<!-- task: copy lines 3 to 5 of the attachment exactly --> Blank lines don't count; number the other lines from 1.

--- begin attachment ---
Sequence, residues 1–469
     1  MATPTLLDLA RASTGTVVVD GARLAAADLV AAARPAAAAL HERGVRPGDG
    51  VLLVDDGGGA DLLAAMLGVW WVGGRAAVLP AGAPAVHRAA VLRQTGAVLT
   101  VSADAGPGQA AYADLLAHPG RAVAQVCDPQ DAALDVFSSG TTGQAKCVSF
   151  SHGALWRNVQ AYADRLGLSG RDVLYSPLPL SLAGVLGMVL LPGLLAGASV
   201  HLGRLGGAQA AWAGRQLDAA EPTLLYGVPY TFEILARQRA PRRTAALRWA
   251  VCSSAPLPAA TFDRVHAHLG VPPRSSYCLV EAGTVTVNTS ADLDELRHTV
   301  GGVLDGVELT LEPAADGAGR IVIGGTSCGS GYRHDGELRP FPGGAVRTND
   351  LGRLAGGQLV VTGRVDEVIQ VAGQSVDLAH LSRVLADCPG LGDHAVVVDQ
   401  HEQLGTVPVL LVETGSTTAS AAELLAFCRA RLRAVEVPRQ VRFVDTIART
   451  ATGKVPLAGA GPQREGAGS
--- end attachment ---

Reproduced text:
    51  VLLVDDGGGA DLLAAMLGVW WVGGRAAVLP AGAPAVHRAA VLRQTGAVLT
   101  VSADAGPGQA AYADLLAHPG RAVAQVCDPQ DAALDVFSSG TTGQAKCVSF
   151  SHGALWRNVQ AYADRLGLSG RDVLYSPLPL SLAGVLGMVL LPGLLAGASV